I wanted to showcase students favorite articles of clothing, and the why. “Second Skin” hopes to invite the viewer to ponder their perception of themselves when wearing their favorite item. Is this a warm, fuzzy jacket from a family member? A knitted scarf made by yourself? A secondhand skirt from the local thrift store? Our choices in how we dress ourselves has evolved from purely protection and modesty to fashions, style, and messages we wish to put out into the world.
I Wanna Rock by Stephen Breitman
All rocks are beautiful in some way, but what makes a rock worthy of display? What is the balance of price, condition, rarity, and personal meaning that makes a rock special? Almost everyone has picked up a rock from the side of the road, but what drives people to collect?
Plant Preservation by Colin Klute
Beyond their scientific applications, herbariums offer an accessible platform for viewing plants outside their natural habitat. There are many things that have the potential to stop a person from observing a plant where it grows, such as seasonality, handicap accessibility, or urban confinement. In contrast, an herbarium can be viewed by nearly anyone anywhere. This means someone wanting to sculpt, paint, or draw can easily reference a plant in stasis.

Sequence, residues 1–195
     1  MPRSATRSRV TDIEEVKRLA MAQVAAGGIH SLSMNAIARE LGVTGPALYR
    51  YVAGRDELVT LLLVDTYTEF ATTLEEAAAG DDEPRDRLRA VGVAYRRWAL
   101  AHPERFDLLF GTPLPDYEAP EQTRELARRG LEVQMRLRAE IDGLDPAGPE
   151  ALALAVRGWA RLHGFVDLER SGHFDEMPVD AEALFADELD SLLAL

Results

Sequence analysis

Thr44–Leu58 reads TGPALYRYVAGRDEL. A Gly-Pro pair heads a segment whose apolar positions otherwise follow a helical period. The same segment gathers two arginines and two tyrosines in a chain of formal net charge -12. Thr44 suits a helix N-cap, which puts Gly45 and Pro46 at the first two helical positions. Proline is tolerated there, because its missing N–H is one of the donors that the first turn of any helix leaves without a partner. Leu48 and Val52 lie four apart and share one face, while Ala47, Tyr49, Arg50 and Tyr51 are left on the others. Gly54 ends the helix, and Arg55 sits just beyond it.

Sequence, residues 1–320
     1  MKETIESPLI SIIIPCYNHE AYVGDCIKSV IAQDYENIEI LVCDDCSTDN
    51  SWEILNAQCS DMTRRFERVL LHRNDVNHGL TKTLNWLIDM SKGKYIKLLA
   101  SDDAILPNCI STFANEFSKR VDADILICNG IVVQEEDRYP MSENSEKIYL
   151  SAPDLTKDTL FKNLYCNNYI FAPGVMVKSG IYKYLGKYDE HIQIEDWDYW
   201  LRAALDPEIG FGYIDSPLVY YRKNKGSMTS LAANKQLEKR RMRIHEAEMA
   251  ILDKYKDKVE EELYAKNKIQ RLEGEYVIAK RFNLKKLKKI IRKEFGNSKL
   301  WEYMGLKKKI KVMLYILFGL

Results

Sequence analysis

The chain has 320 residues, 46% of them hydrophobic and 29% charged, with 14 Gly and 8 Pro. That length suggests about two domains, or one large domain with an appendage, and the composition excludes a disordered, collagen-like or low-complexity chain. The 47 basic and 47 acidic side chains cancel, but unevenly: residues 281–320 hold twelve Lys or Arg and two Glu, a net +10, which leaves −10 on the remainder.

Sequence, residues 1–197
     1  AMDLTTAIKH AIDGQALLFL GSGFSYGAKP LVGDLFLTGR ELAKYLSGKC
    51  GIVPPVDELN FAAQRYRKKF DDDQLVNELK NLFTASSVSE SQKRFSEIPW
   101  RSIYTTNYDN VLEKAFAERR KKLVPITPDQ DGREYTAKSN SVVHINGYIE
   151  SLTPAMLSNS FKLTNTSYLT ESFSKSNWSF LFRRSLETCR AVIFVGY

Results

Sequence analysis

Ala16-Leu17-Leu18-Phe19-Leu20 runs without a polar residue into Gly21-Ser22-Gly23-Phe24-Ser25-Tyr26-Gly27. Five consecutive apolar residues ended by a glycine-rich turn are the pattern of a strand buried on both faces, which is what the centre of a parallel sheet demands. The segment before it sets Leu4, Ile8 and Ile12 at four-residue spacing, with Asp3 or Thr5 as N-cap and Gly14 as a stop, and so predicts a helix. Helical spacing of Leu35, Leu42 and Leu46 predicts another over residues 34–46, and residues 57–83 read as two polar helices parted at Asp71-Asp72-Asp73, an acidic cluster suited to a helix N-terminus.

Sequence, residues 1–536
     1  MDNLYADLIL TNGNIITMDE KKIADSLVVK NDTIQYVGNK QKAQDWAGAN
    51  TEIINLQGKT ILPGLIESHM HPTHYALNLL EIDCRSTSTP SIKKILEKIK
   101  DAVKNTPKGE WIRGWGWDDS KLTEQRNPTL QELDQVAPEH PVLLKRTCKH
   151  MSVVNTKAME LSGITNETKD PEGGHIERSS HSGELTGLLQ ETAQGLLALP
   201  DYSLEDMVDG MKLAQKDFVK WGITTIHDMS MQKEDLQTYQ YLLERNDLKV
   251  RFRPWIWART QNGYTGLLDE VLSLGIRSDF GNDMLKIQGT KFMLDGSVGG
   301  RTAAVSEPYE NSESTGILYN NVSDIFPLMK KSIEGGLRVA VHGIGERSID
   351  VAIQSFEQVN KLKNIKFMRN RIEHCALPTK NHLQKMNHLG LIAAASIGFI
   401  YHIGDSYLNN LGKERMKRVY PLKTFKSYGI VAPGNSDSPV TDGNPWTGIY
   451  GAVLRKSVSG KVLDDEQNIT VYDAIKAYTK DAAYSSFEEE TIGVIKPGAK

Trash: Stories of Past, Present, and Future by Robb Milks
It is only until the breadth of industry and globalization that we have begun to hide from our waste. With changes in socio-cultural conditions come complementary expressions of trash. Trash is the great equalizer in its narrative. Its stories present unbiased interpretations and assessments of one’s quotidian lifeway. What other medium can provide such unbiased accounts of one’s life? It is the discarded that has nothing left to lose.
Having observed the placement of trash, in the ditches of north Craftsbury road, I have determined the most frequently appearing items are discarded from the car. These objects tell the story of individuals who were last associated with an item before they were discarded and the intersection between vehicle culture and trash placement.
Hearts of Stone by Julien Wilder